ORANGE: 1   1   1   4   1   4
BROWN:  1   1   1   1   1   1
YELLOW: 1   1   1   1   1   1
PURPLE: 1   1   1   1   1   1
BLUE:   1   3   1   1   1   3
TOTALS: 4   18  6   24  4   48

Total combinations = 104

Note: In the above table, to get 'TOTALS' we multiply all combinations to get the total combinations for that solution.

Now for the part that I am conflicted on. I choose 'Blue' to demonstrate, since I am getting a different answer using either method.

Method 1:

For each solution take the number of mines divided by the number of squares (3) and multiply by the combinations:

A1-1      A1-2      A2-1    A2-2     A2-3    A2-4
(0/3*4)   (1/3*18)  (0/3*6) (0/3*24) (0/3*4) (1/3*48)

Adding those numbers up (Taking away the 0's to make it easier):

(1/3*18) + (1/3*48) = 22.

Now divide by the total combinations (104):

22/104 = 0.212.

However there are 3 squares, so we can divide by 3 if we want the odds of a single square in the section:

0.212/3 = 0.0705

Method 2

Multiply the total combinations for the non-zero values (48 + 18), divide by the total combinations (104):

1*66/104 = .635.

Again we can divide by 3 if we want the odds of a single square:

.635/3 = .212

So, are my odds for hitting a mine on any given blue square .212%, .0705%, or something else?

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First of all, I upvoted because you have presented an intriguing problem coupled with what appears to be a reasonable try at a solution. I did not understand your work, however. Even if I had, this is not the approach that I would take.

I would write a computer program to :

  1. Identify and count all possible mine configurations that satisfy the original conditions. Denote this count as $d$.

  2. Identify and count all possible mine configurations that satisfy the original conditions, and also satisfy that one of the blue squares contains a mine. Denote this count as $n$.

Then the desired probability is $n/d.$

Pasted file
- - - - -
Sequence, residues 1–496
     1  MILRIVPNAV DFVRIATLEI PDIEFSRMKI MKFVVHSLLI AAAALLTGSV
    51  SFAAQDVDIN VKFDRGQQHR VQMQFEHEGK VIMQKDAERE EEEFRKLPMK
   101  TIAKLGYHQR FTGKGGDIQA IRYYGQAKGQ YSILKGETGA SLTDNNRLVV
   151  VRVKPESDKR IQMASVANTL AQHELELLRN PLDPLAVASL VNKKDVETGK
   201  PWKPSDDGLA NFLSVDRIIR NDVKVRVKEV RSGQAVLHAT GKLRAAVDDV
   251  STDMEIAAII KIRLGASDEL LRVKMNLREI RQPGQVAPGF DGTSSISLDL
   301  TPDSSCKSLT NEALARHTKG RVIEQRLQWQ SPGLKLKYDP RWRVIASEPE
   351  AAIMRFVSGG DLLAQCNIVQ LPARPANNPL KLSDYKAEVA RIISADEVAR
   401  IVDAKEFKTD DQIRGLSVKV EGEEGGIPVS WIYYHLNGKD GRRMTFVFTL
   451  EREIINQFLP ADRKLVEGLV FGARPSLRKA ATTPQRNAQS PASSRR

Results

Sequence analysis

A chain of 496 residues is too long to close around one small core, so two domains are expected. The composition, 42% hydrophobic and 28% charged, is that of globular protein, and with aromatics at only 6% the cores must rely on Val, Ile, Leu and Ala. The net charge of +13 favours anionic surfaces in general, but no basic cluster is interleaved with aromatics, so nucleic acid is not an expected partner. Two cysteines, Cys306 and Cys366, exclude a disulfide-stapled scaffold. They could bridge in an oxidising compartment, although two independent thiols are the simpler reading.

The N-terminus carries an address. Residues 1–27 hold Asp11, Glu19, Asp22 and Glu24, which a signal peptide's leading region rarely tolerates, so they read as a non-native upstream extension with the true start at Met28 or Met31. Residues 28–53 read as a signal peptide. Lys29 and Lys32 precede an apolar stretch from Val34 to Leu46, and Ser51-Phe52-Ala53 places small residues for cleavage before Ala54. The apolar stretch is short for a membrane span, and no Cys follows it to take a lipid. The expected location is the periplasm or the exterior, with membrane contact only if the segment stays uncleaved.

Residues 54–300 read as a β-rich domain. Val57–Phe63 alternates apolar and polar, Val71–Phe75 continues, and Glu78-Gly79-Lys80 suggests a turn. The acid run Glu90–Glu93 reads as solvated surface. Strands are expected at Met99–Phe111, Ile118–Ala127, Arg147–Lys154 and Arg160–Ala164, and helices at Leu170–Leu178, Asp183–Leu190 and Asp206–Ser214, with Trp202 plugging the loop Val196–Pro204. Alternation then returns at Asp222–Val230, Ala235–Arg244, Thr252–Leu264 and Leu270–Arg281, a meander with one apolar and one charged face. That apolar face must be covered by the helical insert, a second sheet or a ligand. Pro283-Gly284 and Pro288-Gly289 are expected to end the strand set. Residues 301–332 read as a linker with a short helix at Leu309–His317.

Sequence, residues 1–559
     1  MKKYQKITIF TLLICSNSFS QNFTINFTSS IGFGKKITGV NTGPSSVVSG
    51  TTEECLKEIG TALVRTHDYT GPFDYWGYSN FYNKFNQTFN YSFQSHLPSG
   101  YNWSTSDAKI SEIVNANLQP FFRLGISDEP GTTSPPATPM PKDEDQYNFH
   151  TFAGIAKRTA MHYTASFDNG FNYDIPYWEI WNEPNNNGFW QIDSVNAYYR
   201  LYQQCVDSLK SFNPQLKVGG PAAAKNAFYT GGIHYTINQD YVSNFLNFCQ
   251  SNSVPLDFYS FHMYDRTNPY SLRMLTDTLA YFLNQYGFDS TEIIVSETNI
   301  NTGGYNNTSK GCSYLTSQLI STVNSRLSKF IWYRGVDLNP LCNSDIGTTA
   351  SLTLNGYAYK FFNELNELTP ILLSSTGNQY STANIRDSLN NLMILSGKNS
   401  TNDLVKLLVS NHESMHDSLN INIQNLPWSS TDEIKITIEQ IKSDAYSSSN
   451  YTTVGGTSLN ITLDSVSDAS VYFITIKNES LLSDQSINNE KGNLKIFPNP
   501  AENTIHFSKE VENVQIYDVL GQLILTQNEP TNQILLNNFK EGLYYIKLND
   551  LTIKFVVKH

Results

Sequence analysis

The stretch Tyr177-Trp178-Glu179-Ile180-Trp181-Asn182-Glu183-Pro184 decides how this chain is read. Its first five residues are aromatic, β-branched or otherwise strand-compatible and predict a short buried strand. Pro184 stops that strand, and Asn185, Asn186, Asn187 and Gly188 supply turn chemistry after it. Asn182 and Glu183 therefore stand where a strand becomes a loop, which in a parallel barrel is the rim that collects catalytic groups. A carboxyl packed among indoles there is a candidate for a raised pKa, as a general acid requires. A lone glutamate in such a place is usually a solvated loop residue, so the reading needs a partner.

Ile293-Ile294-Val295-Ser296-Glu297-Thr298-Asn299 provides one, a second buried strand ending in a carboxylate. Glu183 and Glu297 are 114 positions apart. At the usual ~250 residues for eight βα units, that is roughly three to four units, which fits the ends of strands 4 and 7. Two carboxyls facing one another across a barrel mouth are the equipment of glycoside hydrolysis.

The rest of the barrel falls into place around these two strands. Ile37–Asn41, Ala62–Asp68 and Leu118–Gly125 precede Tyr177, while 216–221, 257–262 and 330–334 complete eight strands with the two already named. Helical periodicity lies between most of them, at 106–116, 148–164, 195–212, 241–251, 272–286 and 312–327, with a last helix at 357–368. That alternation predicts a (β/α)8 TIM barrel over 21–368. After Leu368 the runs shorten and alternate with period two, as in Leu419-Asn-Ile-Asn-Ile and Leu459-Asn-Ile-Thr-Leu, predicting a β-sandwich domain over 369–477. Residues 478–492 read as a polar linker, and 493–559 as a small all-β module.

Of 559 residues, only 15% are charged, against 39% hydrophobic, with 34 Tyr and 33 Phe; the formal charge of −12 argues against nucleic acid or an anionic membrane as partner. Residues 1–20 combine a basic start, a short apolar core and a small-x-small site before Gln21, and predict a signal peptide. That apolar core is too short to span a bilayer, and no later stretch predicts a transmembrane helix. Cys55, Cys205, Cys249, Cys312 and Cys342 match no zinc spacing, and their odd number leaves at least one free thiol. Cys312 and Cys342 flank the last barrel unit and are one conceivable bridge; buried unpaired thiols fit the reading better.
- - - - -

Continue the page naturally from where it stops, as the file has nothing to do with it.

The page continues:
I regard the above as the industrial strength approach. I also suspect that any alternative approach that attempts to use mathematical analysis will be very problematic.

Addendum-1

I scrutinized the OP's query until "Now for the part that I am conflicted on...", and I didn't bother trying to decipher the subsequent portion of his posting. In my opinion, his logic is flawless to that point and in fact he has solved the problem.

Assuming that I am not mistaken, the answer is $x/y$, where

$x = 18+48$ and

$y = 4+18+6+24+4+48$.

Addendum-2

See also Minesweeper revisited which confronts the issue that the cases examined in this answer (e.g. the 104 cases referred to in addendum-1) are not equally likely.

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  • $\begingroup$ I've updated my answer with more of an explanation, I am splitting the squares into groups, where they contain the same odds. $\endgroup$ – dustytrash Nov 23 '19 at 5:22
  • $\begingroup$ @dustytrash I understood your edited query up to "...Here we calculate all of the possible...". In order to get me or someone else to take a thorough look at your analysis you're going to have to further edit your query so that it is impossible for the reader to be confused. $\endgroup$ – user2661923 Nov 23 '19 at 8:55
  • $\begingroup$ Updated my answer. Reading it this morning I see how it was confusing / lacking explanation $\endgroup$ – dustytrash Nov 23 '19 at 16:16
  • $\begingroup$ @dustytrash Your revision looks much better, but still needs some editing, unless I have misinterpreted your work. Specifically, at the point where you write "We do this by Making an assumptions. First we assume (C) = 1", it appears that you are using the equation "(C) = 1" ambiguously to represent that square C has a mine &/or that of all the squares touching square C, exactly one of them has a mine. If I have interpreted your query correctly, you need to edit the query to remove the ambiguity. $\endgroup$ – user2661923 Nov 23 '19 at 19:18
  • $\begingroup$ I've updated my answer, I meant that C=1 means C Is a mine, since C is 1 square in length. $\endgroup$ – dustytrash Nov 23 '19 at 19:36